The Blueprint is The Oxford Blue’s arts publication. It showcases creative work in a range of artistic media, providing a space to share thoughts, stories and personal experiences.

Issue No. 8—Silence

“Silence is so freaking loud.”

Sarah Dessen

The final instalment of our sensory series contemplates the myriad ways in which silence might manifest. Artists and creatives explore the power of a voice, the warmth of a comfortable silence, and the chilling void caused by environmental destruction.

Featured Artist: Khadijah Ali

Magical Realism – Khadijah Ali

Magical Realism’ envisions an ethereal utopia. The photograph paints a serene scene as the models immerse themselves in the natural world. They engage themselves with works of philosophy and literature and take in the tranquil surroundings. The work pushes no particular message but rather invites the viewer to, like the models, take time for observation and reflection.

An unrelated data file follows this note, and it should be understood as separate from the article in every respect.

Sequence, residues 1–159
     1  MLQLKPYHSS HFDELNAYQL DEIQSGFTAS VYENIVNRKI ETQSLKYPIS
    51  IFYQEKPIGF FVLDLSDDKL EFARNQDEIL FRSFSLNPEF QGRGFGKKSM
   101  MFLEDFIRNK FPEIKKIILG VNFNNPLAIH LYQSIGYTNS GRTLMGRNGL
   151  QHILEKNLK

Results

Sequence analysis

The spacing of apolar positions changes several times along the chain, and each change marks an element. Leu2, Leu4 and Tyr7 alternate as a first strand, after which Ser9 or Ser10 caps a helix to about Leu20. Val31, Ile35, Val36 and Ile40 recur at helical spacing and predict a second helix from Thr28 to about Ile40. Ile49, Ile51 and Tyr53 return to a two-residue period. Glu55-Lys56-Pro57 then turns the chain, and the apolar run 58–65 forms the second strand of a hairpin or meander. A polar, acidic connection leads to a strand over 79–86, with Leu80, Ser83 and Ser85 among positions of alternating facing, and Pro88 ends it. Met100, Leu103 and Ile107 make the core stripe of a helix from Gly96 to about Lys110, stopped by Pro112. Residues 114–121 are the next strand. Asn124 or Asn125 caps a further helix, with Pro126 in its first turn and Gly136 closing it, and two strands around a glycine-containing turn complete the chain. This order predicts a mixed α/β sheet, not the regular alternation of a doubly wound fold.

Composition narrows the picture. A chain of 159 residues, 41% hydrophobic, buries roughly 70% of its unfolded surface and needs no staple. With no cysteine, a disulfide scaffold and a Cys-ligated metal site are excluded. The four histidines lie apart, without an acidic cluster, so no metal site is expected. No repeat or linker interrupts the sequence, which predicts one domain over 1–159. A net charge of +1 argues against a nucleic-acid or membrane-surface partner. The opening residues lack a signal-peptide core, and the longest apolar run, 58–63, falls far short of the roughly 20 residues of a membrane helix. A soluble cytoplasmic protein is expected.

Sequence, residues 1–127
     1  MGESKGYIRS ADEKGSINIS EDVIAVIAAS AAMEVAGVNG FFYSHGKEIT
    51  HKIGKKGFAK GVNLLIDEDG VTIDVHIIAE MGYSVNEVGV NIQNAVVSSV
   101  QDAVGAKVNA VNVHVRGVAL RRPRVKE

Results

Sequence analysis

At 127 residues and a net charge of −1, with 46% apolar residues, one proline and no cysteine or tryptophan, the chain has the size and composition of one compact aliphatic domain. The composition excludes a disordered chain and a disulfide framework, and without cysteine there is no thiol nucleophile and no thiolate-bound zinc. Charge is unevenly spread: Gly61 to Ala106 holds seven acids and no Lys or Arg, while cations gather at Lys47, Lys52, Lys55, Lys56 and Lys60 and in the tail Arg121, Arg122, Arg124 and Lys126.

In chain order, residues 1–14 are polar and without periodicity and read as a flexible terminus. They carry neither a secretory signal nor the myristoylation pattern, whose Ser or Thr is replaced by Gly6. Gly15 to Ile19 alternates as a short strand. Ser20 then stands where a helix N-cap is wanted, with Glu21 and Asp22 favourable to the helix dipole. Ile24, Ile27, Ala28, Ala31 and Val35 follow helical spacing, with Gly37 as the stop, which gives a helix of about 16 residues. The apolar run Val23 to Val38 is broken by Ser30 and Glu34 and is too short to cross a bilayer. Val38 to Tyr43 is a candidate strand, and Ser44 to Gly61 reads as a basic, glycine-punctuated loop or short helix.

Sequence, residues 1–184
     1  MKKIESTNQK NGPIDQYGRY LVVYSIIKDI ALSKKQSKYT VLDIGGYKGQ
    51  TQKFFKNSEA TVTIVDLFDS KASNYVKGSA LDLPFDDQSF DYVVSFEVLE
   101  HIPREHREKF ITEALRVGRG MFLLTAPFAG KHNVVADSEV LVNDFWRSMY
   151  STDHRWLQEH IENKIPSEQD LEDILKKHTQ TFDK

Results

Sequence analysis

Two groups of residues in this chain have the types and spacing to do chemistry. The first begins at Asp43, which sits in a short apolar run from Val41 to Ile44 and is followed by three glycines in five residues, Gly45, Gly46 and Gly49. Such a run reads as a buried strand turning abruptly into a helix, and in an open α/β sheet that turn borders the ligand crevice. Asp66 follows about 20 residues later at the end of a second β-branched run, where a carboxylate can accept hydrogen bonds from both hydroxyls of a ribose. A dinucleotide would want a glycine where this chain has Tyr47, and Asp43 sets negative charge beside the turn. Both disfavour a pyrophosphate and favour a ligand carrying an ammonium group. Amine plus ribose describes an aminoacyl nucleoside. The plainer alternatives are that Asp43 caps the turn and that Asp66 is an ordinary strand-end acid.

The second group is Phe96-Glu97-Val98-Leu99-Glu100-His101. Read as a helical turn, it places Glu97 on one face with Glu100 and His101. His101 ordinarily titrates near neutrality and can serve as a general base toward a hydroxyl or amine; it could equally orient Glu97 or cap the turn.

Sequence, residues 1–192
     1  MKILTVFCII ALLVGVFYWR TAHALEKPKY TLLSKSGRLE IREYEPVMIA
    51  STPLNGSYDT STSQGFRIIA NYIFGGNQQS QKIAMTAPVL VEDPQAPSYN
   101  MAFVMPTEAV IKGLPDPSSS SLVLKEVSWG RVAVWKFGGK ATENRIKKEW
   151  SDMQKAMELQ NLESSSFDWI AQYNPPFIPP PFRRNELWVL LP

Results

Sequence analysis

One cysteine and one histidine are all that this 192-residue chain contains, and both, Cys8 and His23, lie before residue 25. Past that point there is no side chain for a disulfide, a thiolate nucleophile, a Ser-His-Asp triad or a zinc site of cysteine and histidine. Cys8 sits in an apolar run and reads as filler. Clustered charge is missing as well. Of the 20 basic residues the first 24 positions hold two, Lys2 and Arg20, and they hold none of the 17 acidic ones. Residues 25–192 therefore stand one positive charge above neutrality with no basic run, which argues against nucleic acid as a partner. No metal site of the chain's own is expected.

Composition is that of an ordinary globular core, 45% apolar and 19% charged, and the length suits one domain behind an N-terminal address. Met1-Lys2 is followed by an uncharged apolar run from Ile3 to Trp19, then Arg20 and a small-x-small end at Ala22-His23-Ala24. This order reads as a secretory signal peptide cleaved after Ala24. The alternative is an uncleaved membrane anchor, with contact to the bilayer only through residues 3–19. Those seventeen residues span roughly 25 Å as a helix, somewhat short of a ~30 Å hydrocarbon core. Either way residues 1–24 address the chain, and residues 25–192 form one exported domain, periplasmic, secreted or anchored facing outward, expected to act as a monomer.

Tulips – Lily Down
Photograph by Khadijah Ali

‘Let’s go away,’ Caspar said into the quiet darkness of the living room.
‘You want to run away?’, Noah asked. ‘ What have you done now?’
‘I’m not running from the law, Noah. I think I should be offended.’
‘Yes, dear, I’m very sorry. I know you’d never get caught.’
‘Thank you.’ Caspar said. ‘I was serious, though. Let’s go on holiday.’
‘Yeah. Get the train on Friday, come back on Sunday. Get away from the city.’
Noah looked over at Caspar in the dark, illuminated only by the light of the muted television. ‘Sure,’ he said. ‘Let’s go away.’ 

The city’s sounds fade slowly. The train’s noise is a comforting constant; the rumbling of the belly of a beast. Caspar makes up stories about a dragon made out of metal crawling on its belly on the tracks, and Noah laughs at his ridiculousness. The story makes no narrative sense, which Noah points out. ‘Shush, Noah, I’m getting to the good bit.’